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Applying to academia from abroad

Whether it's a junior professorship, tenure-track position, or group leadership, strategic planning is essential for an academic career. A convincing application is crucial. We have compiled tips and resources to help you navigate the challenging application phase.
This article has been translated from German via AI.

Career paths in science

Thomas Wortmann has been a tenure-track professor since November 2020, Anna Poetsch has led her research group since July 2020, and Jan Meinsner has held a junior professorship since April 2021. We asked them how exactly their applications went and what aspects they had to consider at each stage.

The Dr. Wilhelmy-GSO Travel Expenses Program supported the three researchers. This program allows universities to reimburse travel expenses for applicants conducting research abroad who wish to continue or start their careers in Germany.

Dr. Thomas Wortmann
Tenure-Track Professor @Universität Stuttgart
Dr. Anna Poetsch
Forschungsgruppenleiterin @BIOTEC, TU Dresden & NCT Dresden
Dr. Jan Meisner
Juniorprofessor @Heinrich-Heine-Universität Düsseldorf

1. Searching: Where are the positions advertised?

German universities publicly advertise regular professorships, although no universal legal requirement mandates this for academic positions. Universities publish their current job openings on their institution’s websites. If someone is interested in a specific institution or faculty, they should regularly check their homepage directly or, if available, subscribe to their newsletter.

Vacant positions at universities can also be discovered online from abroad through mailing lists, job portals, and academic newsletters.

For example, the job portal “academics” provides an overview and a newsletter about the academic job market. Members of the German Association of University Professors and Lecturers (Deutscher Hochschulverband) also receive regular mailings with current job openings.

Social media channels such as X (former Twitter) and LinkedIn are also sources for academic positions. Many universities are now present on LinkedIn. Even if someone is not actively posting on social media channels, they can still follow relevant universities, labs, or researchers who frequently share job postings.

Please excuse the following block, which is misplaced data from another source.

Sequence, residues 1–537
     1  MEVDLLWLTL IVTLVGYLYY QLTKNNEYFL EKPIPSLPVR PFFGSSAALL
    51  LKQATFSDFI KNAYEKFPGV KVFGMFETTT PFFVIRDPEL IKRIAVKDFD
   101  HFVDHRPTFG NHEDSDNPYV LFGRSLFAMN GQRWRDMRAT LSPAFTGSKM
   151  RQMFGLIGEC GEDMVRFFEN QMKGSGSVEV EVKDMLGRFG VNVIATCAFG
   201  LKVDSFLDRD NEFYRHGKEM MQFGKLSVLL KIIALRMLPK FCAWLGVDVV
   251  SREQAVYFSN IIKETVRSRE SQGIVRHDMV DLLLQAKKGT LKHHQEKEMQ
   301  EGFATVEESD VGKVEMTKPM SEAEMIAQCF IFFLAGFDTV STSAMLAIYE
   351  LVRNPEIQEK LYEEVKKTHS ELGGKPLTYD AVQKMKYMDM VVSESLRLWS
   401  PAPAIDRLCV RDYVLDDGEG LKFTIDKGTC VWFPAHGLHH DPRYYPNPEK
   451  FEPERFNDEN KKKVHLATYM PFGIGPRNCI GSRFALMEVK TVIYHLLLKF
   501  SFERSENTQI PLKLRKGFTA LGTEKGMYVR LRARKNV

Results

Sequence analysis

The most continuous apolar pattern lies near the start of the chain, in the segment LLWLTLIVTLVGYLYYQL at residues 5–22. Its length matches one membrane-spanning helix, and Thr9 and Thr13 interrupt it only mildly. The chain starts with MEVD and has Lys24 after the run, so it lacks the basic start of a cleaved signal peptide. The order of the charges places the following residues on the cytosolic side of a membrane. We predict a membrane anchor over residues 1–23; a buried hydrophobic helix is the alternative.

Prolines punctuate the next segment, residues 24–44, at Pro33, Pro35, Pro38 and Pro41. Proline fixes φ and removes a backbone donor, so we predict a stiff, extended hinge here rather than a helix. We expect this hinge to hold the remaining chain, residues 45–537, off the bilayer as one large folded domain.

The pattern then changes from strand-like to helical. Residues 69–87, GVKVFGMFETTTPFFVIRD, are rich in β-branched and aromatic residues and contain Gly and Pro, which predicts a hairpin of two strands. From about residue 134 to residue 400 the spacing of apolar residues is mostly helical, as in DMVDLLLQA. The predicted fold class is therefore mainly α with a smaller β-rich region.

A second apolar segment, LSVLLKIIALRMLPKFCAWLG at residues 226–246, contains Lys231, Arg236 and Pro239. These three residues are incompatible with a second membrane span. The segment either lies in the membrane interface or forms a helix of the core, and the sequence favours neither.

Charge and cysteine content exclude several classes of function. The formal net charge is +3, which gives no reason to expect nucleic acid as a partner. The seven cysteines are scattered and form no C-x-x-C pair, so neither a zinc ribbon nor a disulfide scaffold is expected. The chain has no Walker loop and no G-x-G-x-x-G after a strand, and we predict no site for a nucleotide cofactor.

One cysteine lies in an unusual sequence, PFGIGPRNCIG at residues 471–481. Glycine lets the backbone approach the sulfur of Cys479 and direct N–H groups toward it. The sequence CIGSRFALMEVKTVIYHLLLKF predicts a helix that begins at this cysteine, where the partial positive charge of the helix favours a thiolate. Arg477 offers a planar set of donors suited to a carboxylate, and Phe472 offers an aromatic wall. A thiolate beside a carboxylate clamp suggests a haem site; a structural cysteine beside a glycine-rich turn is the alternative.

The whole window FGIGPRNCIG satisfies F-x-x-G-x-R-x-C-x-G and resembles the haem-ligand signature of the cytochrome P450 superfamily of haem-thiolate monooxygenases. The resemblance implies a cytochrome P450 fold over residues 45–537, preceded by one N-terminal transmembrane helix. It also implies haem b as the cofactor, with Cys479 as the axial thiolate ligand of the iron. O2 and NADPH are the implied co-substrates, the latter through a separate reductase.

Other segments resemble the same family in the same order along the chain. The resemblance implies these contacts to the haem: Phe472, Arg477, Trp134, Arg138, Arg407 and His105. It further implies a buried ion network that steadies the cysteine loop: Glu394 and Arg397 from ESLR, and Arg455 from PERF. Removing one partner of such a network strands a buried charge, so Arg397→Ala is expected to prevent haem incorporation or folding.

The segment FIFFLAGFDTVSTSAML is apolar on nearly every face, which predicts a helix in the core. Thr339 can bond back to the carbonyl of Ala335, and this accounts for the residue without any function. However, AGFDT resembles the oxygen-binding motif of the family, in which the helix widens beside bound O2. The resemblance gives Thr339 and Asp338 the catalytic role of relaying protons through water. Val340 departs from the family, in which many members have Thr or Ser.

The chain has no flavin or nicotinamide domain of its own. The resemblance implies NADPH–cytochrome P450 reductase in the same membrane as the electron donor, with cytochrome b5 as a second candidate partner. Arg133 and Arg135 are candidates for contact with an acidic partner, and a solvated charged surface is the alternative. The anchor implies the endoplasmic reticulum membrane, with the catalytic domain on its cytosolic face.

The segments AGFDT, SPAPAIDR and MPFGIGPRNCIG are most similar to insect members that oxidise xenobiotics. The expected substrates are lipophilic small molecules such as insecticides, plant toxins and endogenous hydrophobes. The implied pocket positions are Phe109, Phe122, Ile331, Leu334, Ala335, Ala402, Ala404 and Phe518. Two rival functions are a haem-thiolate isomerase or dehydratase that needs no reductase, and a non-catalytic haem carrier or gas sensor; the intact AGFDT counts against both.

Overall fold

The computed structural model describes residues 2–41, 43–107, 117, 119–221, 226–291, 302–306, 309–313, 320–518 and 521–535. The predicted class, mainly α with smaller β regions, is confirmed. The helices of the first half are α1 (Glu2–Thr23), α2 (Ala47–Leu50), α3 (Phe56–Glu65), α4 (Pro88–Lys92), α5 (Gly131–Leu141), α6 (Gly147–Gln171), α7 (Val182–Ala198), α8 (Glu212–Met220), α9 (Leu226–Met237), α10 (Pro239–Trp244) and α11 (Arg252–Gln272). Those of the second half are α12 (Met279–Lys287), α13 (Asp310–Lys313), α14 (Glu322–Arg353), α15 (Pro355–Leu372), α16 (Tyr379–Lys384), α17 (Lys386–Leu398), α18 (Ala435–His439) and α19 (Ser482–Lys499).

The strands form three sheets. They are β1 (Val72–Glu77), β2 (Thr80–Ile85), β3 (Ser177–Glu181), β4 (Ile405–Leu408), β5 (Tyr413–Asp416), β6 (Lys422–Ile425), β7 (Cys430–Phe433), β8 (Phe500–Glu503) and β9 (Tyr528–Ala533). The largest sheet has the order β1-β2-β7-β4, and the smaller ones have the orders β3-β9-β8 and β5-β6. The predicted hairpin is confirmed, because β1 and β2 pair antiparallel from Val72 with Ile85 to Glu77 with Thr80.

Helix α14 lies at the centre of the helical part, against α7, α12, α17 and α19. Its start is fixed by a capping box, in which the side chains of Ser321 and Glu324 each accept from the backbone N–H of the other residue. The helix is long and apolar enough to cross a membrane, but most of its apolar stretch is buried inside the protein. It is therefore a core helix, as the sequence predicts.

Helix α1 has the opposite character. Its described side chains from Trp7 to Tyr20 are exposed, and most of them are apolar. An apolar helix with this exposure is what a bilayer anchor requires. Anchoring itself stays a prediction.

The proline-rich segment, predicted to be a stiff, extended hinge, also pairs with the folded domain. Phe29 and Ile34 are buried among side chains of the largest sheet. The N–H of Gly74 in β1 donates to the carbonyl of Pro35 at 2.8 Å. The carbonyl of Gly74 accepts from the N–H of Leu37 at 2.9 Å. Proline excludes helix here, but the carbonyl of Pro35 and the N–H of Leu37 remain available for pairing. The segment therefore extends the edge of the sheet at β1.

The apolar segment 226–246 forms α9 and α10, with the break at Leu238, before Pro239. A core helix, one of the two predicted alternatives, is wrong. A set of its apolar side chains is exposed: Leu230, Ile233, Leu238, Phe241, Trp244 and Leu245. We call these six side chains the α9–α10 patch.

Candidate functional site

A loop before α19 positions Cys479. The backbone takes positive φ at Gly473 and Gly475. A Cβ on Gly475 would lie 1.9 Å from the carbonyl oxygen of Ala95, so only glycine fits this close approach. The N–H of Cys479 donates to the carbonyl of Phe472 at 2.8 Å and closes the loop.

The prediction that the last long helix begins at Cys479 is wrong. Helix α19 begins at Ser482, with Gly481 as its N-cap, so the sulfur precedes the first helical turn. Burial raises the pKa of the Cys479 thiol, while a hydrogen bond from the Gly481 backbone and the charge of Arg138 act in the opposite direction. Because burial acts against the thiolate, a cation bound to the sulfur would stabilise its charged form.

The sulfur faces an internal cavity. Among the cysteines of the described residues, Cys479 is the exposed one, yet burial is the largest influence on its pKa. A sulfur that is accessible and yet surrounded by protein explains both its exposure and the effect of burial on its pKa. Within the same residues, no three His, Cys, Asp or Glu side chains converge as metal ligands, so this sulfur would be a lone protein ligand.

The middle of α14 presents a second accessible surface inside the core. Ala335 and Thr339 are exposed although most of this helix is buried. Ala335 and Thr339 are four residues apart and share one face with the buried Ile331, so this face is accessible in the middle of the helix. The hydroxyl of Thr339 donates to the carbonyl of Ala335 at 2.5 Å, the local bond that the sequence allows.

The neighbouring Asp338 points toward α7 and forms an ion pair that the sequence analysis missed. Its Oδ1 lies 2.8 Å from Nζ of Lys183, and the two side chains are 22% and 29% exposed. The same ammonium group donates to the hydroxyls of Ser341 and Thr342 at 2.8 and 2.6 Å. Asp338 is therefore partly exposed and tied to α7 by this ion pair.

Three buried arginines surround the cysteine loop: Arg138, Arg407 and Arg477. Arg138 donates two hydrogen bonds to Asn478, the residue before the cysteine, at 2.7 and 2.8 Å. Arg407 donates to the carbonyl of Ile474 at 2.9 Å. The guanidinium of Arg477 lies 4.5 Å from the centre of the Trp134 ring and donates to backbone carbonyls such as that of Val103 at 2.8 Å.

»I explored opportunities via LinkedIn on the one hand and via academics on the other. Additionally, job postings are circulated through the mailing lists of subject-specific conferences«  – Thomas Wortmann

Continuous networking is, therefore, crucial – even before positions are advertised, it is recommended to, for instance, give presentations at desired universities or among well-connected colleagues (even virtually), or to establish connections with labs or researchers through platforms X (former Twitter), initially on professional grounds. Building or maintaining contacts is particularly advisable for researchers abroad who are planning to return.

It is worth noting that the application processes at German universities can be lengthy, lasting up to 12 months, so it is important to start the search early.

»Because I know how slow processes can be in Germany, it is wise to start applying as early as possible. Just a year after starting my stay abroad at Stanford, I began sending out the first applications.« – Jan Meisner


2. Analyzing: How is the position advertised?

Once a suitable job posting is found, it enters the analysis phase. Conducting thorough research on the institution is often time-consuming but helps tailor the application documents more precisely.

The online presence of universities provides an overview of how faculties or institutes are structured. What are the research focuses? What expertise is available, and what is lacking? Do I possibly know any employees there? With whom can potential collaborations or interdisciplinary projects be realized?

»Before drafting my application, I explore the relevant homepage and conduct targeted searches. In my case, I looked for machine learners with whom I could potentially collaborate on algorithmic projects. I also considered the availability of medical professionals. Furthermore, I contemplated how I can contribute there.« – Anna Poetsch

Those who engage more closely with the institution beforehand can refine their application profile and ensure alignment with the requirements outlined in the job posting.

»Relative to the advertisement, I crafted a very precise application. This was only possible because the institute has an informative website.«– Thomas Wortmann

If contact persons are provided in the advertisement, the applicant should not hesitate to contact them with any questions.




For long-term security within the German academic system, the career goal in most cases is a professorship. The pathways to achieving this goal are diverse:

Junior research group programs (see overview) are typically attractive in terms of resources and reputation. The W1 or junior professorship can lead to a dead-end, while slightly more planning security is offered by WISNA professorships with tenure-track (common variants include W1 to W2 or W3, W2 to W3, or less frequently, W2 to W2). The significance of habilitation is diminishing in STEM fields.


3. Applying: What should be included in an academic application package?